Over Destiny's Child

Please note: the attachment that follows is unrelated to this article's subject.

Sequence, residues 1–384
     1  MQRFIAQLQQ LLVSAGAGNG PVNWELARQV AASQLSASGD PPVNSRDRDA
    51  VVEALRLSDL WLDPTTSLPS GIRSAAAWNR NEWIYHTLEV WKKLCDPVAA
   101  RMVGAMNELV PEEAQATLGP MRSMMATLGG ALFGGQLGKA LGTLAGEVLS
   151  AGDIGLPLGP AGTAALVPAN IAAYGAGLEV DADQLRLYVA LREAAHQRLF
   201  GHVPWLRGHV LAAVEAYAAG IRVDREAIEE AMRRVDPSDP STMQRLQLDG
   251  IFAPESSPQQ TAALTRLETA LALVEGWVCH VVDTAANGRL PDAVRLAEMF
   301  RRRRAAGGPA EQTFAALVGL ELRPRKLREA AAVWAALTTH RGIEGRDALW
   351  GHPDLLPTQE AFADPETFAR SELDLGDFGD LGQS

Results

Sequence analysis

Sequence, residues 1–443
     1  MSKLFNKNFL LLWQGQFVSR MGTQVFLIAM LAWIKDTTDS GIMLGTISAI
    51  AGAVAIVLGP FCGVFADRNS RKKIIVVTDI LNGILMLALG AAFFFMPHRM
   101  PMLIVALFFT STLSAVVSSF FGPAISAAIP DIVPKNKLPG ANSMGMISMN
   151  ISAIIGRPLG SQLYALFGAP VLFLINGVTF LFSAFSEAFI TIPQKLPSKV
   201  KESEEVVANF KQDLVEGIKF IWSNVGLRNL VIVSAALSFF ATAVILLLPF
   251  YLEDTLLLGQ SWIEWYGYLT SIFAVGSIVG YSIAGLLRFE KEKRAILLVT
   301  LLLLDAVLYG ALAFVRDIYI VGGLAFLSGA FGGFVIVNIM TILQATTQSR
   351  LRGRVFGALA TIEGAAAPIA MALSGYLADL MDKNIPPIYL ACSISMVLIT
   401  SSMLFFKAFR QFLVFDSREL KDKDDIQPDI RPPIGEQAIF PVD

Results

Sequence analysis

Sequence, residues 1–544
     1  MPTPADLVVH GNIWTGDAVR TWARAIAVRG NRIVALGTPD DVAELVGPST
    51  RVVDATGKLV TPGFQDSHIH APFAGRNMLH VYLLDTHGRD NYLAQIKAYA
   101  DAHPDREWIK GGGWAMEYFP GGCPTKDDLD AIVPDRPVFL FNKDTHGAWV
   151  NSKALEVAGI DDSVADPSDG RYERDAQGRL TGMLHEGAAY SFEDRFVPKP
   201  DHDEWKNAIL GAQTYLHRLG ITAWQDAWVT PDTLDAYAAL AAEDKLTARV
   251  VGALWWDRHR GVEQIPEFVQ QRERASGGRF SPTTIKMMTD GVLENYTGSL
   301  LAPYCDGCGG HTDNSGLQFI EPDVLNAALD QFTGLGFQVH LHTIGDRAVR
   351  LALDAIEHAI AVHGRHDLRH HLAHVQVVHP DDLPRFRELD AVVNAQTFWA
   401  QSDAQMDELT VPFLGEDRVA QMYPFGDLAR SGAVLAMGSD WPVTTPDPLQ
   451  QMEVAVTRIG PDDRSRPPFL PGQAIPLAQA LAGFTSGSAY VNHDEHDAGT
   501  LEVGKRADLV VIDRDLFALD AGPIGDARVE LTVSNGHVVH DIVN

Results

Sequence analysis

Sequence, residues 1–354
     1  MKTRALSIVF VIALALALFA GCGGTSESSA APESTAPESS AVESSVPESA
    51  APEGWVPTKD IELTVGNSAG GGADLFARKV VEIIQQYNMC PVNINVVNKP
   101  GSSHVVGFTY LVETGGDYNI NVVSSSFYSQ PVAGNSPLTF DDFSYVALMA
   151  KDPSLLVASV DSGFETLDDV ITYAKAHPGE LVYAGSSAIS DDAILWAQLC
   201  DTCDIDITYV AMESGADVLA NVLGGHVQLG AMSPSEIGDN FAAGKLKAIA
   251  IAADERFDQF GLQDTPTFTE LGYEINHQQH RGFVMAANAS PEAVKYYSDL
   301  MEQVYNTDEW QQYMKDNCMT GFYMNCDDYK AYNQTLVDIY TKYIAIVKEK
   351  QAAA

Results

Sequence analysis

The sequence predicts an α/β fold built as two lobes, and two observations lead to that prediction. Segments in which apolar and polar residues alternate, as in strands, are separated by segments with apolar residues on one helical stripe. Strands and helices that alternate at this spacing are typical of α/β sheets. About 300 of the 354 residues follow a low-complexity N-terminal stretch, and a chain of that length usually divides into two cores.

Amongst the most commercially successful female groups in the music industry, Destiny's Child has been cranking out multi-platinum crossover R&B for many years. Founded in Houston, Texas in 1990, they were originally put together by Mathew Knowles (Beyonce's dad) when the members were still in their preteens. They paid dues performing on Star Search (rapping, not singing) in the early nineties and eventually went on the road, touring as an opening act for Dru Hill and SWV among others. Their first official release came about in 1997, with the song "Killing Time" off the soundtrack for Will Smith's summer blockbuster Men In Black. The group released their self-titled debut album the following year, scoring a huge hit with "No, No, No," produced by Wyclef. In 1998 they returned with The Writing On The Wall, which featured two more smash singles, "Bills, Bills, Bills" and "Say My Name." Though they were now bona fide chart-topping superstars, internal strife and financial grievances led to the departure of LaTavia Robertson and LeToya Luckett, who were replaced by LaTavia Robertson and Farrah Franklin. Bad press and a lawsuit ensued, but when the smoke cleared, the album had sold over eight million copies. In the summer of 2000, Franklin left the group, and later that year they released their first single as a trio, finding another hit with "Independent Woman, Pt. 1" (the theme song to Charlie's Angels). Soon after, Destiny's Child dropped their third LP Survivor, which debuted at number one and featured two more hugely popular singles, "Bootylicious" and the title track. A Christmas collection and remix album followed, after which all three members released solo albums. Beyonce, who had long been the star of the group, became bigger than ever thanks to her wildly successful LP Dangerously In Love as well as a starring role in Goldmember, six-figure endorsement deals, and high-profile relationship with Jay-Z. Though rumors swirled that their life as a group had come to a close, the ladies reunited for Destiny Fulfilled, which was released in late 2004. After a highly successful tour, the group announced their permanent break-up to pursue solo projects in 2005, performing their last official show together in Vancouver, Canada, and releasing a greatest hits album that same year. A few pseudo-reunions followed, most of them involving Beyonce's solo career, but for now, the trio seems to be set on remaining just friends. Regardless, Destiny's Child will forever be revered and remembered as a group that overcame numerous obstacles to reshape the sound of pop music, in the process becoming the most popular girl group since TLC.